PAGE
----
She was flying. Towering over all of them, showing off her superiority. They cowered beneath her, trembling in fear. It was so delicious, so satisfying, but she wanted more.

I am your princess now, and you will be loyal… to me!”

Brainwashing all of the students… I can’t even remember if this was part of the plan either…

Just roll with it. We have an army now! There is no way Celestia can stop us!

“Twilight Sparkle has interfered with my plans one too many times already! She needs to be dealt with!”

Wait… Wait! No! You can’t kill them! They don’t deserve that!

But the ball of fire had already been thrown, set on a direct course for the six girls huddling together. This was the moment. She had finally won.

Sunset laughed.


The next morning found Sunset wrapped tightly in her blankets, having created a cocoon to shield her from the bad dreams. She extracted an arm to silence her noisy alarm clock before unfurling herself from her miniature sanctuary, still dressed in yesterday’s clothes.

She couldn’t decide which was worse: the nights she got no sleep at all, or the nights her sleep consisted of mostly nightmares. She rubbed her face, feeling the dry streaks her tears had made during the course of the night.

“What do I have to do to make it stop?” Sunset looked up at the stuffed toy, but for once, it didn’t answer. “Figures,” she huffed.

After a long stretch, Sunset hurried through her morning routine. The cold shower helped shake off some of the fatigue still clinging to her. After a simple breakfast of cereal and an apple, she returned upstairs and got dressed, taking a few spare moments to browse her limited wardrobe. She was curious now about the options she had for a reasonable costume.

She pulled out a nice, purple gown with large, pink sleeves. Holding it in front of the broken mirror, it looked like it might be a little snug, but Sunset was pretty sure she could make it work.

“Easy enough,” she said, folding it up and putting it back in the dresser. “I’ll just go as a princess.” She walked over to her desk and selected one of her many crowns before standing in front of the mirror again with it held over her head.

Sunset screamed and threw herself against the far wall while the crown fell to the floor with a small clang. Her knees buckled and she joined it, panting like she had just run a mile. She leaned against the wall with a hand over her erratic heart.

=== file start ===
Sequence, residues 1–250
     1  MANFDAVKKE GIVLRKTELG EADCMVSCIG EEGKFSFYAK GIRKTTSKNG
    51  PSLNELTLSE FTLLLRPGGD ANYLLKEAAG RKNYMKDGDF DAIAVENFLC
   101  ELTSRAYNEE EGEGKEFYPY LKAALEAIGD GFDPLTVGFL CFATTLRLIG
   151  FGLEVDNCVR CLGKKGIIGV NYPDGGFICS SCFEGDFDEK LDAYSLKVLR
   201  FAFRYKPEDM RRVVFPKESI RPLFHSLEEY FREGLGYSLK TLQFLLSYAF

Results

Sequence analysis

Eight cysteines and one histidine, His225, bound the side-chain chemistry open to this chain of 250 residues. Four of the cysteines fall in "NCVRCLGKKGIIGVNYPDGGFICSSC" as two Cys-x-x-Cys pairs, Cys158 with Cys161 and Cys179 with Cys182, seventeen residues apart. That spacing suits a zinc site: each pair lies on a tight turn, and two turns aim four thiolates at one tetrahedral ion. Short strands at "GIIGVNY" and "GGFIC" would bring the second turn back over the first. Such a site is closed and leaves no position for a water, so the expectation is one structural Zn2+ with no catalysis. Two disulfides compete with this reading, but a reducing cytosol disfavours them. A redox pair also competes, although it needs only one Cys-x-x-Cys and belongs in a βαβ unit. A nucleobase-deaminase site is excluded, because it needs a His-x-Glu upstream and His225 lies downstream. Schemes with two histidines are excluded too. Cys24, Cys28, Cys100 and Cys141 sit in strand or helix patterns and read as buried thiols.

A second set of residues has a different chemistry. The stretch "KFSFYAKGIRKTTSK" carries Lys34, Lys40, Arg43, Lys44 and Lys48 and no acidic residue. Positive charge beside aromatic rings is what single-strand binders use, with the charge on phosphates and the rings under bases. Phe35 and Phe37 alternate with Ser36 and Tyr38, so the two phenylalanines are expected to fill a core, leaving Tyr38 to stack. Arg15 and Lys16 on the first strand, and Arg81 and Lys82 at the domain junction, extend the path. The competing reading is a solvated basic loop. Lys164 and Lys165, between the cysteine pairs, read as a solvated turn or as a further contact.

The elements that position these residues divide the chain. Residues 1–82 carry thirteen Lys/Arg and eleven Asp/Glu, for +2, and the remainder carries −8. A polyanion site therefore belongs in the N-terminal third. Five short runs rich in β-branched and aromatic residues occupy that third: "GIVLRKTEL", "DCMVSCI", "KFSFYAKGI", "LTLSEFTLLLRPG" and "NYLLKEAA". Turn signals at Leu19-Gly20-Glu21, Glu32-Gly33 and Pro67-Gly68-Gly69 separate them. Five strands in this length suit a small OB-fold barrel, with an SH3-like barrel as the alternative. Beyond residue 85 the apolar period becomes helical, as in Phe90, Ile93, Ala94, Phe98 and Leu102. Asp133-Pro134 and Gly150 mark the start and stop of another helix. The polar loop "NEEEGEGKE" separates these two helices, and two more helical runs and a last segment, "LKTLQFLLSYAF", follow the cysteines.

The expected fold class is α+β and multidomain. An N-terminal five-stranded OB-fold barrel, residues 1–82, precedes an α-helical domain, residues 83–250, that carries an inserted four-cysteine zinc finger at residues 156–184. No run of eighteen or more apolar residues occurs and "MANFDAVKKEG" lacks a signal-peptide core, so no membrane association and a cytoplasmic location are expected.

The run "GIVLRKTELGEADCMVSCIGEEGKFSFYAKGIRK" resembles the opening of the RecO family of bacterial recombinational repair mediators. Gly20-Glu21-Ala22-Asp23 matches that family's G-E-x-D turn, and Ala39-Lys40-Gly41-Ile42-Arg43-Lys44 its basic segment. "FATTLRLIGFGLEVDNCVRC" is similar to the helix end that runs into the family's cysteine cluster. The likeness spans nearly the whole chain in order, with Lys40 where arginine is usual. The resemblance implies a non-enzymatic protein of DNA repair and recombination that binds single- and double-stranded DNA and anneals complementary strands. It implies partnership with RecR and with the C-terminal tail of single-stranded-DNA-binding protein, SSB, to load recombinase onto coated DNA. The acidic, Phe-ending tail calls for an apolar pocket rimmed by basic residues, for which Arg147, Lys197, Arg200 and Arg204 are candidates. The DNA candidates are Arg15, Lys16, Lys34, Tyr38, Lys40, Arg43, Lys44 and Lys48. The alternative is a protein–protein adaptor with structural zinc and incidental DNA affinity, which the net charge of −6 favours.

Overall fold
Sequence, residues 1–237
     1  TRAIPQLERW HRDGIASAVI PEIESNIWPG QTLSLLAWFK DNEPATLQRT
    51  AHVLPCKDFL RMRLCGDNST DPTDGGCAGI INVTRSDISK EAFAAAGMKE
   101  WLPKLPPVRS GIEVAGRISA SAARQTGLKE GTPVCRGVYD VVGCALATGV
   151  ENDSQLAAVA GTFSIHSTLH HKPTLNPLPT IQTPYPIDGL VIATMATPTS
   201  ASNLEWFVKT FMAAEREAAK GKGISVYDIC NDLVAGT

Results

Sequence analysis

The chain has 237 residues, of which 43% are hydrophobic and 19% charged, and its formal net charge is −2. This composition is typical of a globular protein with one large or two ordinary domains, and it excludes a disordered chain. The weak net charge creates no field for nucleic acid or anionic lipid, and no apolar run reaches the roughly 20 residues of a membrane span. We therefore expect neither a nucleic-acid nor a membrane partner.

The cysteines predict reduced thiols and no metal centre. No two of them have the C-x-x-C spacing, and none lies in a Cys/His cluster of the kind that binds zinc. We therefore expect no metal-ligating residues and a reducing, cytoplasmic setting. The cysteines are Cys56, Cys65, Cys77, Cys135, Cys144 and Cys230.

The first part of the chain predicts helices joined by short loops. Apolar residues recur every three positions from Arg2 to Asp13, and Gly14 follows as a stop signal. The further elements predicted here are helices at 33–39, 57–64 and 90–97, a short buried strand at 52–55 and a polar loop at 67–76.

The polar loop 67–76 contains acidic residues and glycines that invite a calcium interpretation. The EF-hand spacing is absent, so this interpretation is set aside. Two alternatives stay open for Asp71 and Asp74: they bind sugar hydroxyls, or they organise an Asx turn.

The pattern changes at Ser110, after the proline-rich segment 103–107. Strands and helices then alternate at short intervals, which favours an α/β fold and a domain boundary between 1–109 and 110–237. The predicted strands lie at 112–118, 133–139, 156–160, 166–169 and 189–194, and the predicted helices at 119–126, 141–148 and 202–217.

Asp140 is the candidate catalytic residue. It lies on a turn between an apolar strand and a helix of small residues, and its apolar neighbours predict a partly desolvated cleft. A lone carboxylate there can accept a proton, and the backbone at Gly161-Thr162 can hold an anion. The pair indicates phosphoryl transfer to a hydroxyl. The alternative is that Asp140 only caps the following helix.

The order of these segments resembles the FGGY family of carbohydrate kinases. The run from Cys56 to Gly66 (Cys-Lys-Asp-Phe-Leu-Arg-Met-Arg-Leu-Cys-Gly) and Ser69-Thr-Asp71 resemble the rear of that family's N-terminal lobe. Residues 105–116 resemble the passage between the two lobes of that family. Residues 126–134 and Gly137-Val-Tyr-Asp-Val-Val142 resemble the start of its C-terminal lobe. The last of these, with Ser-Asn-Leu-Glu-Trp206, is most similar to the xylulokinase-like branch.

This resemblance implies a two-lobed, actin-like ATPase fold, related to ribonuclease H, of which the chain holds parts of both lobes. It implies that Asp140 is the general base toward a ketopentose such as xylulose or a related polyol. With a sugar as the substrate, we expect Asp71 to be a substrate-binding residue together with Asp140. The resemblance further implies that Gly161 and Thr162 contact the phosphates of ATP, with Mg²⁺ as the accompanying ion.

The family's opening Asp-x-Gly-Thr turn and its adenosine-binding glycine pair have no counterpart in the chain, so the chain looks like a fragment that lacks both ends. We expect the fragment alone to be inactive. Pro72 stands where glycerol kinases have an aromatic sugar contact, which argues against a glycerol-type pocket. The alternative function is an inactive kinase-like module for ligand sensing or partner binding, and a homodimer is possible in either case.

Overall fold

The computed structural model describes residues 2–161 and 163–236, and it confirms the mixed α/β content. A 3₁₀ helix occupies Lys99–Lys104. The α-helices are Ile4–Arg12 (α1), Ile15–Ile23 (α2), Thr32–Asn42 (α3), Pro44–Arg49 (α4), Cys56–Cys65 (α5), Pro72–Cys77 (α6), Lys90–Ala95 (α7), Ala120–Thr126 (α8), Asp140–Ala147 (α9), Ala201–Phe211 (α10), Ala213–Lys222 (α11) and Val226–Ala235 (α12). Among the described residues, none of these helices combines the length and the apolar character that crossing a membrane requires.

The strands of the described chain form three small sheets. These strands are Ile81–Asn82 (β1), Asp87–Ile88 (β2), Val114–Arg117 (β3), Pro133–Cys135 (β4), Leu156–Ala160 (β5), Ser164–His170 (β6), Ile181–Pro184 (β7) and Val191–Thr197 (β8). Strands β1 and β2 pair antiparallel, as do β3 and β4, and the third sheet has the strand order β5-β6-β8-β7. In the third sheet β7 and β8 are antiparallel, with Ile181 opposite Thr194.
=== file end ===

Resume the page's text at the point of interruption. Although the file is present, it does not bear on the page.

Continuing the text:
Very slowly, she lifted her head up to look at her reflection. Staring back at her was a wide-eyed Sunset, differentiating from the original one only by the crack running down the mirror face. They both reached for the crown lying at their feet, staring like it was a snake ready to bite. In unison, both of them hurled the crown at the mirror, cracking the glass into hundreds of small shards. Many of them fell to the floor, while the rest reflected the appearance of a hundred disheveled Sunset Shimmers.

“You’re seeing things… just get a hold of yourself. It’s just some rampant paranoia!” Sunset took a deep breath and pushed herself to a standing position.

“What will it take to admit you’re scared?” Twilight Sparkle asked.

“I am not scared!” Sunset protested. “Do I have a guilty conscience? Sure, I’ll admit that! Am I annoyed that I’m being excessively punished? Yes! But, I am certainly not scared! I’m not scared of anything!” Sunset closed her eyes, holding two fingers against the side of her head and breathing deeply. She slipped on her jacket and boots and headed down stairs.

“Either way…” she mumbled to herself, “I think I’ll put a hold on the princess idea. Maybe I should ask Rarity for some costume advice.” She scooped her backpack up and pulled open the front door.

“But if she says the word ‘demon,’ I’m punching her in the throat.”


To Sunset’s surprise, Rarity had been absolutely thrilled at the idea of making an outfit for her. Sunset supposed it was just Rarity’s instinct as a natural fashionista to want to make clothes for anyone.